Use this URL to cite or link to this record in EThOS: http://ethos.bl.uk/OrderDetails.do?uin=uk.bl.ethos.571714
Title: Maternal and infant contributions to development following premature deliveries
Author: Winstanley, Alice
Awarding Body: Cardiff University
Current Institution: Cardiff University
Date of Award: 2012
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Abstract:
The focus of this thesis is on the early caregiving environment and social interactions of preterm infants. Chapter one introduces the topic of premature delivery, including infant outcomes, parent’s caregiving role, infant’s role in their own development, and dyadic interactions between parents and their premature infants. Chapter two introduces methodological difficulties in the study of preterm infants. The chapter also provides an overview of the longitudinal study of preterm infants’ development that provided the majority of the data for this thesis. Chapter three introduces a new measure of parenting principles and practices, the Baby Care Questionnaire (BCQ). The BCQ measures how parents approach caring for their infant in three contexts – sleeping, feeding and soothing. The chapter documents the development and psychometric properties of the BCQ. Chapter four studies the impact of premature birth on maternal cognitions and principles about caregiving. The chapter presents data on the consistency of maternal cognitions about child development and caregiving at an individual and group level. Chapter five studies the impact of premature birth on infant attention, in particular social attention. The chapter reports data on the style of preterm infants’ looking to a novel stimulus, how these infants followed an experimenter’s attention to a target and their regulation abilities (as reported by their mother). Chapter six studies the impact of premature birth on interactions between mothers and their infants. The chapter uses statistical techniques to represent streams of behaviour to examine different responding to person- and object-directed behaviours by mothers and their premature infants. Chapter seven brings together these findings and discusses future work.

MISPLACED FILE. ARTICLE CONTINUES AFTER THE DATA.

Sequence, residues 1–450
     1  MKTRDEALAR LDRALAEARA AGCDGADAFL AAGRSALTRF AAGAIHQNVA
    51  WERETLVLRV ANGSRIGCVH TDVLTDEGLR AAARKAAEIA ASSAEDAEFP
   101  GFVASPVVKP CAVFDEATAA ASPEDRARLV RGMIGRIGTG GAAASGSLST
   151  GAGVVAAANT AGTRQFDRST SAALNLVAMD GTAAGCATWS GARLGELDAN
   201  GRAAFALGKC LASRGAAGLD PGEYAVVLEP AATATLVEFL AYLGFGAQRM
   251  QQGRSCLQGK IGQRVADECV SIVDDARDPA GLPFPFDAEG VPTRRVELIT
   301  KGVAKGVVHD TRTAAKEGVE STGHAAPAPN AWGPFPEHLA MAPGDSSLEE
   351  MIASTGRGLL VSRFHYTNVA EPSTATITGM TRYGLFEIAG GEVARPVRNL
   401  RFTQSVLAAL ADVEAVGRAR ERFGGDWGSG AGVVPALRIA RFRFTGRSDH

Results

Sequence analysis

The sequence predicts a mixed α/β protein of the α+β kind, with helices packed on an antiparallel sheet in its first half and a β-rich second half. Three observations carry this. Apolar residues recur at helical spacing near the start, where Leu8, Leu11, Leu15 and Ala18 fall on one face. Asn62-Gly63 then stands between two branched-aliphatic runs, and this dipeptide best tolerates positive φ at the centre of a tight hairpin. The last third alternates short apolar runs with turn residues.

Supervisor: Not available Sponsor: Not available
Qualification Name: Thesis (Ph.D.) Qualification Level: Doctoral
EThOS ID: uk.bl.ethos.571714  DOI: Not available
Keywords: BF Psychology ; RJ101 Child Health. Child health services
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